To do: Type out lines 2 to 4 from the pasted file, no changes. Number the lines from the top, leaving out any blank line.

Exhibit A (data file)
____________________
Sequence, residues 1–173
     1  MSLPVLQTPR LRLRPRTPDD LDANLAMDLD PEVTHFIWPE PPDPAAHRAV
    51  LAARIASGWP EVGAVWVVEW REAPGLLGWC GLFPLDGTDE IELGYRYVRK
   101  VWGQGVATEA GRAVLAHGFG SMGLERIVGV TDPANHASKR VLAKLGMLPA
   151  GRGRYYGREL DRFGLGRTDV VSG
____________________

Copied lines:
     1  MSLPVLQTPR LRLRPRTPDD LDANLAMDLD PEVTHFIWPE PPDPAAHRAV
    51  LAARIASGWP EVGAVWVVEW REAPGLLGWC GLFPLDGTDE IELGYRYVRK
   101  VWGQGVATEA GRAVLAHGFG SMGLERIVGV TDPANHASKR VLAKLGMLPA